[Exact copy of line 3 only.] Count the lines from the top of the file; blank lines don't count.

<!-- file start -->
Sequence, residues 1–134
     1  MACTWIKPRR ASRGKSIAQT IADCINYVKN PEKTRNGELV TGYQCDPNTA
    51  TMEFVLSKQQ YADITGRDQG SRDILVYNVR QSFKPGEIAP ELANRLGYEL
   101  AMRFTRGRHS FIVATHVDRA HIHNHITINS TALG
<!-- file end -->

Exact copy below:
    51  TMEFVLSKQQ YADITGRDQG SRDILVYNVR QSFKPGEIAP ELANRLGYEL